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Kai Ryssdal: You remember late last summer when it seemed like every weekend there was some huge government intervention designed to save the global economy from disaster? OK, now think back a little bit farther to last spring, a year ago this weekend. The first of those Sunday night rescues was the bailout of a bank called Bear Stearns. Thanks to $29 billion from the Fed, Bear was saved from complete collapse. But for the 14,000 people who worked there, things changed literally overnight. Marketplace's Amy Scott caught up with some of them to find out what they're doing one year on.
Amy Scott: The banks did the deal on a Sunday night. The next day was St. Patrick's Day. Francie Heller remembers looking down from her third floor office at the spectacle below.
Francie Heller: There were some Scottish men in skirts practicing their bagpipes. And there was the CNBC cameras and people wearing their red gloves from the cold...There were people there handing out $2 bills. And there were also people there handing out cards, for looking into do you need to sell your apartment, they were real estate agents. So it was a real scene. It was like a real circus outside my window, all day long.
For the next few months, Heller kept coming to the office. She worked with pensions, endowments, and foundations at Bear. But there was nothing to do.
Heller: JP Morgan had a bunch of meetings, and we all listened. And there were people walking around noting office numbers and writing down, putting tickets on your computers, and so we had no idea what was going to happen when.
So, like many of her colleagues Heller used the time, and the office resources, to find a job. She eventually found work with a hedge fund manager. She's still there. Like so many at Bear Stearns, Heller didn't just lose her job. A big chunk of her pay was in stock. Ultimately shareholders got $10 a share in the takeover. The stock had been trading at $70 just a week before the deal.
Aviral Rai worked in the corporate strategy division at Bear Stearns. He's now head of investment banking at a small firm called Pali Capital. He lost millions of dollars.
Aviral Rai: It still hurts to see that go. It sets you back, but you know, it's certainly not devastation, which I'm sure that some other people went through who had spent longer time there.
Rai and Heller were lucky enough to find jobs before the whole industry crumbled. Justin Brannan had been at Bear Stearns for about a year and half. He had a lower-level job in the hedge fund unit.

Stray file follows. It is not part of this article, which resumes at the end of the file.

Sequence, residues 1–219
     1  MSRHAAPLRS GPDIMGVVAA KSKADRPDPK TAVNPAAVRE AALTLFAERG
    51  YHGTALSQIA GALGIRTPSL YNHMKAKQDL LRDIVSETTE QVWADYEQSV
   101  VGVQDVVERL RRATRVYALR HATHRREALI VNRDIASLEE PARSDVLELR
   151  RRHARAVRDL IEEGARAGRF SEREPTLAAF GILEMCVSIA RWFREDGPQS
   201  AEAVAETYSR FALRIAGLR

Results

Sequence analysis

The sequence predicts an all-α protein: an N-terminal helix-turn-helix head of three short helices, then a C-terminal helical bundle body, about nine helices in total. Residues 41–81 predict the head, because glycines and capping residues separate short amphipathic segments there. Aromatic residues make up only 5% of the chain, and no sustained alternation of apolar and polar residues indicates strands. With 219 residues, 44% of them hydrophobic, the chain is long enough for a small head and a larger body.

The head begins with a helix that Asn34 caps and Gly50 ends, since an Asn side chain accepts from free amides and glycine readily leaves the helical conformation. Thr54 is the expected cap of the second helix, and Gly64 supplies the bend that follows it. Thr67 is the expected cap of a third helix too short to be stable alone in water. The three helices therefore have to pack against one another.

Justin Brannan: We supported all those guys that kind of brought the house down.
After the house fell, he got by for a while making $7 an hour as a stockbroker trainee. But when that ended recently, he faced a lot more competition for work.
Brannan: It's just scorched earth out there. You're up against people that are way more qualified. And rightfully, you know, rightfully so. I mean, I hope they get the jobs that they deserve.
Brannan just found a job off Wall Street. He'll be raising money for a nonprofit humanitarian group.
Fellow Bear alum Delilah Rothenberg has taken a similar path. She spends a lot of her new-found free time volunteering. She helped organize this recent benefit for a Rwandan beauty school
Delilah Rothenberg: Good evening, everyone.
Rothenberg worked with institutional investors at Bear Stearns. She pays the bills now doing financial consulting. She'd never really pictured a long career on Wall Street. She got into finance to do economic development in Africa. But she got comfortable at Bear.
Rothenberg: It was almost too great to leave, so maybe it was a mixed blessing that my opportunities there ended. Otherwise, I'd never continue on with life.
Everyone I talked to misses Bear Stearns. They talk about the bank's demise almost like a death. A year later some are angry, at the people who made the bad decisions. But mostly they're still just kind of stunned. The other day Francie Heller says she was watching the sunset.
Heller: And there was this beautiful sun and it just seemed to sink a little and then boom it was gone. And I think that was the way it felt at Bear then. It was just such a surprise and so unexpected that it was just gone.
When the sun set so abruptly on Bear Stearns, Heller says it felt like the end. Now she realizes it was just the beginning.
In New York, I'm Amy Scott for Marketplace.
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